Unconscious Applicants: A Systematic Test of the Name-Letter Effect

  title={Unconscious Applicants: A Systematic Test of the Name-Letter Effect},
  author={Frederik Anseel and Wouter Duyck},
  journal={Psychological Science},
  pages={1059 - 1061}
It is now generally accepted that unconscious processesmodulate human behavior. Nelson and Simmons (2007) provided a thoughtprovoking illustration of this phenomenon. They demonstrated that people’s unconscious preferences for the letters in their own names are strong enough that people pursue name-related performance outcomes that they would consciously avoid. For instance, although most students consciously strive to earn As, students whose names begin with C andD have lower grade point… 
Implicit Egotism on the Baseball Diamond: Why Peter Piper Prefers to Pitch for the Pittsburgh Pirates
Abstract Research on “implicit egotism” indicates that people tend to react positively to anything that reminds them of themselves, including their own names and the letters in their names. Names can
Name Letter Effect—An Index of Implicit Self-Esteem
Name-letter effect refers to the phenomenon that people evaluate the letters in their own names more favorably than letters that are not in their own names. It reflects an implicit positive attitude
Spurious Also?
The evidence for the most systematic test of the notion that major life decisions are influenced by name-similarity is revisited, whereby the documented effect seems to be driven by people naming companies they start after themselves rather than by employees seeking out companies they have a shared initial with.
Spurious Also? Name Similarity Effects (Implicit Egotism) in Employer Decisions
Implicit egotism is the notion that major life decisions are influenced by name-similarity. This paper revisits the evidence for the most systematic test of this hypothesis. Anseel & Duyck (2008)
The Name-Letter-Effect in Groups: Sharing Initials with Group Members Increases the Quality of Group Work
It is suggested that sharing initials with other group members promotes positive feelings toward those group members that in turn affect group outcomes, and demonstrates how minimal a degree of similarity among members is sufficient to influence quality of group outcomes.
What’s in a Name: A Bayesian Hierarchical Analysis of the Name-Letter Effect
This paper re-analyzes two data sets that address the question of whether people are disproportionately likely to live in cities that resemble their name and outlines a Bayesian hierarchical analysis that avoids limitations and allows coherent inference.
Name-Letters and Birthday-Numbers: Implicit Egotism Effects in Pricing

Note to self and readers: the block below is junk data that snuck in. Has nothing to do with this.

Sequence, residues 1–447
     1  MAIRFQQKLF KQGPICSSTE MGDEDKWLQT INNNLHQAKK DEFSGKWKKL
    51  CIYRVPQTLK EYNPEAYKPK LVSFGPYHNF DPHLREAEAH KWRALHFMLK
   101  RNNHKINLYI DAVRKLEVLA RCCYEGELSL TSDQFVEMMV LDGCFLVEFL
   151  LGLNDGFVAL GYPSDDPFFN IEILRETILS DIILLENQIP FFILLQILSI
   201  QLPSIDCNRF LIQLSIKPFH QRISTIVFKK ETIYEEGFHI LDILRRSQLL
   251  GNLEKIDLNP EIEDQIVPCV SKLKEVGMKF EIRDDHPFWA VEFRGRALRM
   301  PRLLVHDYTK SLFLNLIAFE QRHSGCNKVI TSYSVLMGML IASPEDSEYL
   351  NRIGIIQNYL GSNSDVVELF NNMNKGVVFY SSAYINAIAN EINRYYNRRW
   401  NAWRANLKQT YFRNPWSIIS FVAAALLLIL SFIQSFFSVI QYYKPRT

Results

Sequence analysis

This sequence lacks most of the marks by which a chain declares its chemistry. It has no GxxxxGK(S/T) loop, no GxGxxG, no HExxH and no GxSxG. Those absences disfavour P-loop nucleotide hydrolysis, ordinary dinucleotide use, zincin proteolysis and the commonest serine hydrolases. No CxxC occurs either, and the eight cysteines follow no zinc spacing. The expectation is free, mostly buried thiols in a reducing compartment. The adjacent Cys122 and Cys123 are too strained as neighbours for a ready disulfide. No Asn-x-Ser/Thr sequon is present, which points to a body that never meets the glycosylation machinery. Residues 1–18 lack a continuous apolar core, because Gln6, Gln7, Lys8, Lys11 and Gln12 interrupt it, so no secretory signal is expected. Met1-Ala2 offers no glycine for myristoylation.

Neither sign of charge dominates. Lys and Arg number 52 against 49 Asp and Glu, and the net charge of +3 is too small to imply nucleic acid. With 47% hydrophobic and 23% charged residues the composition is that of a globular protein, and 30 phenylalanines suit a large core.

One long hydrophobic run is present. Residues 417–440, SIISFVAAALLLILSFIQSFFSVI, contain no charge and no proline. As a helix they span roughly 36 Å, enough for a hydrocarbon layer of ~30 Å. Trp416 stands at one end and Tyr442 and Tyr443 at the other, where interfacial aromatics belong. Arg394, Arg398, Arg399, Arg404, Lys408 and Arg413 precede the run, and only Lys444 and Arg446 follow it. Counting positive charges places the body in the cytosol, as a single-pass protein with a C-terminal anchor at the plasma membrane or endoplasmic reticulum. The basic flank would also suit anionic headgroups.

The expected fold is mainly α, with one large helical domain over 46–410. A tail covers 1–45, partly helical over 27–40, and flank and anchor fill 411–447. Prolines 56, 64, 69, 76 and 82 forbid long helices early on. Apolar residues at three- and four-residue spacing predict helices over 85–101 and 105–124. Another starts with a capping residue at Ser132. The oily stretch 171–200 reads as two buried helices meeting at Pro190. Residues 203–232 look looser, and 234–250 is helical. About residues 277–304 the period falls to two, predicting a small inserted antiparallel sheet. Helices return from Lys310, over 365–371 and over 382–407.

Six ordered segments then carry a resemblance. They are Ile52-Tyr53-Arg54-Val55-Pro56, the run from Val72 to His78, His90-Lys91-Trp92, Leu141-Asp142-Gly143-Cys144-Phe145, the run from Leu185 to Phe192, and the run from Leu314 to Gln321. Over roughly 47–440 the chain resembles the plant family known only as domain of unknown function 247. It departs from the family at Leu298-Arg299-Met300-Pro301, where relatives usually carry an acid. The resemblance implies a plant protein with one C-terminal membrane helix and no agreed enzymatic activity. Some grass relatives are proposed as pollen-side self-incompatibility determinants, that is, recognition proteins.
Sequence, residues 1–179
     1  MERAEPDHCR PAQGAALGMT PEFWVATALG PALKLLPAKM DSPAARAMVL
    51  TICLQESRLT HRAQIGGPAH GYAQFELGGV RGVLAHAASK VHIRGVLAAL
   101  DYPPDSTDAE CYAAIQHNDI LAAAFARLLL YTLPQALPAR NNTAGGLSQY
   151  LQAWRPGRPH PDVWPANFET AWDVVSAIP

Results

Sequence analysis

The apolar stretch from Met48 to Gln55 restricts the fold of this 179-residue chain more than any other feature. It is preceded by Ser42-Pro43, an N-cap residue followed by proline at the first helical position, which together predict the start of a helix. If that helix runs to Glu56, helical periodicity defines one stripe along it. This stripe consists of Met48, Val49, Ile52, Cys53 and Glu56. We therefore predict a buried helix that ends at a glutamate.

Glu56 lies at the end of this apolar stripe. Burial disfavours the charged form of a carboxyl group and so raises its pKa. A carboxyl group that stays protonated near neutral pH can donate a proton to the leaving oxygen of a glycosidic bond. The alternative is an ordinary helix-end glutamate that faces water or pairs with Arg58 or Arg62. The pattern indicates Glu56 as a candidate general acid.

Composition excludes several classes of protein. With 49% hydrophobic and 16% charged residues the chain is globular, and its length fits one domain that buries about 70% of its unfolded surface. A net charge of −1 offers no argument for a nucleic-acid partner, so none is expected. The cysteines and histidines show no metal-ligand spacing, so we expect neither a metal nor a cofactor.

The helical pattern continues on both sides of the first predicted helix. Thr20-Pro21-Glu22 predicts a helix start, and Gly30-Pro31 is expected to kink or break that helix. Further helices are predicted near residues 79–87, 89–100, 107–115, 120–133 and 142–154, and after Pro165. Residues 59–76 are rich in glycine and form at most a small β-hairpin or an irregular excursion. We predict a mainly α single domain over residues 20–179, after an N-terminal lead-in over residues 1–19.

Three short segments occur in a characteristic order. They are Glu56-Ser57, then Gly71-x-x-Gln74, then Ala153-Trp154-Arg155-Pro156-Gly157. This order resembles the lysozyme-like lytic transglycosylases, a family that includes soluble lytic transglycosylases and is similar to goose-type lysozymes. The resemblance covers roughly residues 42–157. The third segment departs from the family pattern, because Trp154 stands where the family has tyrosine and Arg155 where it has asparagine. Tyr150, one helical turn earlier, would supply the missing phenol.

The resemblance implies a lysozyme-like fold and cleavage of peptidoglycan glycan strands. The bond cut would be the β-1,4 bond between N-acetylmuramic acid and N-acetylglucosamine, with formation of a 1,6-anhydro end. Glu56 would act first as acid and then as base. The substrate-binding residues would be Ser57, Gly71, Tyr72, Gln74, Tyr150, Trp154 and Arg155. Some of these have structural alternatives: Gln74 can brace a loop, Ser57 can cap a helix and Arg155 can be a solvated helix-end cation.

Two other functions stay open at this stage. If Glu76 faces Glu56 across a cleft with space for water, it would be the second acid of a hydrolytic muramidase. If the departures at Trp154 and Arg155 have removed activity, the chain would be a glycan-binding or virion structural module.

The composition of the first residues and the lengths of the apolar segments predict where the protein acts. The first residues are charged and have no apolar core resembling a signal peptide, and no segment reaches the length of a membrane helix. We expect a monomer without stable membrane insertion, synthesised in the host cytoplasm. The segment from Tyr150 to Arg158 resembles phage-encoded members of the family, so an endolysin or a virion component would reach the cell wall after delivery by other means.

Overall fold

This research examines how the implicit egotism resulting from consumers’ positive self-associations affects their evaluations of product prices. The effects can occur when the product's price and
When Tex and Tess Carpenter Build Houses in Texas: Moderators of Implicit Egotism
Implicit egotism is an unconscious preference for things resembling the self. Four studies provided unprecedented evidence for implicit egotism. Study 1 used census data to show that men
The name effect in customization service: the role of psychological ownership and self-threat
This study investigated the effect of adding a customer's name onto a standard product on the customer's product attitude from the perspective of the name-letter effect and psychological ownership
Name-Letter Branding under Scrutiny: Real Products, New Algorithms, and the Probability of Buying
  • S. Stieger
  • Psychology, Medicine
    Perceptual and motor skills
  • 2010
The name–letter branding effect was found for a modified design using real products, concentrating on product names rather than brand names, and using five different products for each letter of the Roman alphabet.


Moniker Maladies
Findings provide striking evidence that unconsciously desiring negative name-resembling performance outcomes can insidiously undermine the more conscious pursuit of positive outcomes.
Name letter preferences are not merely mere exposure: Implicit egotism as self-regulation.
People prefer the letters in their own names to letters that are not in their own names. Furthermore, people prefer the numbers in their own birthdays to numbers not in their own birthdays. In this
Why Susie sells seashells by the seashore: implicit egotism and major life decisions.
Because most people possess positive associations about themselves, most people prefer things that are connected to the self, which stands in sharp contrast to many models of rational choice and attests to the importance of understanding implicit beliefs.
Implicit Egotism
People gravitate toward people, places, and things that resemble the self. We refer to this tendency as implicit egotism, and we suggest that it reflects an unconscious process that is grounded in
I sell seashells by the seashore and my name is Jack: comment on Pelham, Mirenberg, and Jones (2002).
  • M. Gallucci
  • Psychology, Medicine
    Journal of personality and social psychology
  • 2003
New analyses of the original data are reported, showing that the hypothesis that people gravitate toward cities, states, and careers with names similar to their own names is not supported for the large majority of names considered, and for some names even the opposite result is found.
Applicant attraction to organizations and job choice: a meta-analytic review of the correlates of recruiting outcomes.
Results showed that applicant attraction outcomes were predicted by job-organization characteristics, recruiter behaviors, perceptions of the recruiting process, perceived fit, and hiring expectancies, but not recruiter demographics or perceived alternatives.